Vodafone Group announced a fall in annual pretax profit but saw revenue rise in its preliminary results on Tuesday.
Vodafone Group recorded a 4% increase in total revenue from €43.8bn to €45.6bn as a result of contributions from equipment revenue and growth in Europe and Africa.
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The group said adjusted EBITDA rose by 5% from €14.4bn to €15.2bn owing to revenue growth, cost control and a legal settlement in Italy. The group’s adjusted EBITDA was within the management’s updated range.
Vodafone’s operating profit noted an 11.1% rise to €5.7bn from €5.1bn in 2021 as a result of higher adjusted EBITDA and lower depreciation and amortisation on the group’s assets.
The telecommunications company recorded a pretax profit of €3.95bn which was a 10% fall compared to €4.4bn in 2021 and said inflation may hinder results in 2022.
Vodafone stated basic EPS surged from 0.38 Eurocents in 2021 to 7.2 Eurocents in 2022.
The group noted a 5% rise in cash inflow from €17.2bn to €18.1bn in 2022 and net debt rose to €41.6bn from €40.5bn due to a €2bn share buyback programme to combat dilution linked to mandatory convertible bonds.
Vodafone declared a total dividend of 9 Eurocents which was the same 2021, and a final dividend of 4.5 Eurocents.
On Monday, e& acquired a stake in Vodafone which have had no impact on results and there has been no further updates since.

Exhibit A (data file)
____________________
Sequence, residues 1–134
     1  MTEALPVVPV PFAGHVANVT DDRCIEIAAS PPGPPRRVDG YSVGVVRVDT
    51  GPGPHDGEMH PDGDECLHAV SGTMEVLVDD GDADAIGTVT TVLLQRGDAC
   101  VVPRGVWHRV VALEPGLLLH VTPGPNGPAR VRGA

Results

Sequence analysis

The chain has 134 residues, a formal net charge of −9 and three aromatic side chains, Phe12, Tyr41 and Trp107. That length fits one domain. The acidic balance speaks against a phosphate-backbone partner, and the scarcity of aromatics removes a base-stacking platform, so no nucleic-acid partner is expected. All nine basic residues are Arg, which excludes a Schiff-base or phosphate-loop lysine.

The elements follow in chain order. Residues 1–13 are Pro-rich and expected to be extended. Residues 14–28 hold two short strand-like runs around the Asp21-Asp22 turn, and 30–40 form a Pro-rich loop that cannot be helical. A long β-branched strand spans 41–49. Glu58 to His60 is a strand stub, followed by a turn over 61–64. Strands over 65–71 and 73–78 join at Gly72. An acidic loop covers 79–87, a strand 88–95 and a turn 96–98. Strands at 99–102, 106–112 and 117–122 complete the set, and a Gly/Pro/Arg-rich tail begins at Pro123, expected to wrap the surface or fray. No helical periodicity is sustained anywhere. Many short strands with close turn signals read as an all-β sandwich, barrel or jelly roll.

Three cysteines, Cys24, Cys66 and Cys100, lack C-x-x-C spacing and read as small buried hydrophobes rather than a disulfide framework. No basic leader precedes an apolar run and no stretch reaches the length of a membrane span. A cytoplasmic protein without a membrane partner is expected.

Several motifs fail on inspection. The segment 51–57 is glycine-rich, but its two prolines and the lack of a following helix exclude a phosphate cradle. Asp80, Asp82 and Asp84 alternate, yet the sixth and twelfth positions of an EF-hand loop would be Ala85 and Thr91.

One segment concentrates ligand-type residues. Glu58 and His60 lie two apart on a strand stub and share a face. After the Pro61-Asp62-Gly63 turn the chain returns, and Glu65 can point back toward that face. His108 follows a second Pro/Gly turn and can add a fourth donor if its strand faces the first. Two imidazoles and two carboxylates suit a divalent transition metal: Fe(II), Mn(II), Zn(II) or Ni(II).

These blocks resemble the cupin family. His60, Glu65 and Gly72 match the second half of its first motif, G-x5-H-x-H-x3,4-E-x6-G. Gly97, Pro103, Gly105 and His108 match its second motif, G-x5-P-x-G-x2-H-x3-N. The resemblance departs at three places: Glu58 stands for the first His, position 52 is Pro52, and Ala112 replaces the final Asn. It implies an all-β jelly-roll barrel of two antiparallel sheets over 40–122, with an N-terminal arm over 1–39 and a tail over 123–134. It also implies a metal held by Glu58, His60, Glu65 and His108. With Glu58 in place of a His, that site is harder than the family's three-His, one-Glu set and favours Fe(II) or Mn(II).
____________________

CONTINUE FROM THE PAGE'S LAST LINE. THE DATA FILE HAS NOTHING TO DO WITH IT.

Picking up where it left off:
Sophie Lund-Yates, Equity Analyst at Hargreaves Lansdown said, “Vodafone’s shares were down 3% after the market opened this morning, as investors sounded a tepid response to full year results. While the underlying operational performance was sturdy enough, the market was clearly expecting more.
“Subdued sentiment may well be coming from the warning that Vodafone isn’t immune to the wider macroeconomic challenges we’re seeing. Either way, the group has recently acquired a new largest shareholder, in the form of Emirates Telecommunications, which now owns 9.8% of Vodafone.”
“Emirates Telecommunications has said this isn’t the beginnings of a takeover bid, and is supportive of Vodafone’s position. The premium paid for the stake suggests there is indeed a lot of faith in a turnaround for the battered Vodafone group.”
“While progress is steady, it’s hard to get away from the fundamental truth for telecoms – there is very little to differentiate from competitors in any real way other than price. That keeps a lid on margins. Full year results haven’t been a disaster, but they aren’t exactly shiny either.”